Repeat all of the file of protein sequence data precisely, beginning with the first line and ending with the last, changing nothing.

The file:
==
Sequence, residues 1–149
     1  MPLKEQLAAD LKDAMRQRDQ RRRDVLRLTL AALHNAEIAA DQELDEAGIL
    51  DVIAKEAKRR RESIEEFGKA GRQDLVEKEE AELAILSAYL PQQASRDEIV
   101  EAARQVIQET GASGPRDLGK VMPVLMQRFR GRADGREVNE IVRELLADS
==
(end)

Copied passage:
Sequence, residues 1–149
     1  MPLKEQLAAD LKDAMRQRDQ RRRDVLRLTL AALHNAEIAA DQELDEAGIL
    51  DVIAKEAKRR RESIEEFGKA GRQDLVEKEE AELAILSAYL PQQASRDEIV
   101  EAARQVIQET GASGPRDLGK VMPVLMQRFR GRADGREVNE IVRELLADS